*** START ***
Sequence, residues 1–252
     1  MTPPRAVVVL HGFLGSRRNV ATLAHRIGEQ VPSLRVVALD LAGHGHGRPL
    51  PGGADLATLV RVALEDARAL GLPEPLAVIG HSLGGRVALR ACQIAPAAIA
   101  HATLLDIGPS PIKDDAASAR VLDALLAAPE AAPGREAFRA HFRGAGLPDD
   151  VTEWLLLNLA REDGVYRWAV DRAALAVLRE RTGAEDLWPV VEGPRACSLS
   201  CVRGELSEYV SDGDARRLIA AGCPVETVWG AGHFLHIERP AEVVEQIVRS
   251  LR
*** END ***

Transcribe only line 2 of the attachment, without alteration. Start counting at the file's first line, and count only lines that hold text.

     1  MTPPRAVVVL HGFLGSRRNV ATLAHRIGEQ VPSLRVVALD LAGHGHGRPL